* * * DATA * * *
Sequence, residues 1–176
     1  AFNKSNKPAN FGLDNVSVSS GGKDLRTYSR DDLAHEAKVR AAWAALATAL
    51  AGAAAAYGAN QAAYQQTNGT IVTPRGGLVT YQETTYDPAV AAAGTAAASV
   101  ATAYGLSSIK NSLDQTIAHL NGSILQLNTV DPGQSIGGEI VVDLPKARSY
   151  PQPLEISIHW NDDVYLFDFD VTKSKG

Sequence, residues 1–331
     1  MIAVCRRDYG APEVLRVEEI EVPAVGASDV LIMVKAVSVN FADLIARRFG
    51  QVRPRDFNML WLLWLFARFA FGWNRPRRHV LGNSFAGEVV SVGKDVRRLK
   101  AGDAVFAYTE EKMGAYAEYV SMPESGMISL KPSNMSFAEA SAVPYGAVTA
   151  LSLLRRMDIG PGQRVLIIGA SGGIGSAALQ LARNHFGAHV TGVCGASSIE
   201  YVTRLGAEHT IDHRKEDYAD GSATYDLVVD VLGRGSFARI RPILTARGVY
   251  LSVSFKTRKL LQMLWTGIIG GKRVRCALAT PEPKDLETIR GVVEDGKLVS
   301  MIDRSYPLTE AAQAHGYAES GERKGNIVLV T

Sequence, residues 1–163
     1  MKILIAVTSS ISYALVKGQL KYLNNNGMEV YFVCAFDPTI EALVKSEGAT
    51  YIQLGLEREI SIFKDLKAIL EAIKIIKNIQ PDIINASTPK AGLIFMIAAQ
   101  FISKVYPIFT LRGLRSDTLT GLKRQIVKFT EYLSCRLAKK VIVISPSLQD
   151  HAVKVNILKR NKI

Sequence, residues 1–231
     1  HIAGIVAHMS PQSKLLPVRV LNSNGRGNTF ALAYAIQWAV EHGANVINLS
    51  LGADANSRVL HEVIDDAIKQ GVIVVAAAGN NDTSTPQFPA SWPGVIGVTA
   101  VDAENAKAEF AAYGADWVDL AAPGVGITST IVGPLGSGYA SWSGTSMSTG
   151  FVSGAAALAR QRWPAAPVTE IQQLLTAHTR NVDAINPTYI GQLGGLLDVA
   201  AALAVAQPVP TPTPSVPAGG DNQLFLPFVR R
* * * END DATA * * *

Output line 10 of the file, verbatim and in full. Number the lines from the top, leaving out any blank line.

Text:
   151  LSLLRRMDIG PGQRVLIIGA SGGIGSAALQ LARNHFGAHV TGVCGASSIE